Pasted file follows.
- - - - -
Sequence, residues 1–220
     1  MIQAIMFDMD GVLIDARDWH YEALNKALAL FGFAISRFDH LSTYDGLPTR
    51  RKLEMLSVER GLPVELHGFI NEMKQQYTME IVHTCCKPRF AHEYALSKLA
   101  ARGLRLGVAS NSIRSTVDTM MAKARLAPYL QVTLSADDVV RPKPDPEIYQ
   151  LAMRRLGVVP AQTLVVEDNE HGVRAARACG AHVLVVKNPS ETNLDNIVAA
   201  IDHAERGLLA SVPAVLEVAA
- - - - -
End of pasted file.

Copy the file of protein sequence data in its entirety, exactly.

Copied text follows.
Sequence, residues 1–220
     1  MIQAIMFDMD GVLIDARDWH YEALNKALAL FGFAISRFDH LSTYDGLPTR
    51  RKLEMLSVER GLPVELHGFI NEMKQQYTME IVHTCCKPRF AHEYALSKLA
   101  ARGLRLGVAS NSIRSTVDTM MAKARLAPYL QVTLSADDVV RPKPDPEIYQ
   151  LAMRRLGVVP AQTLVVEDNE HGVRAARACG AHVLVVKNPS ETNLDNIVAA
   201  IDHAERGLLA SVPAVLEVAA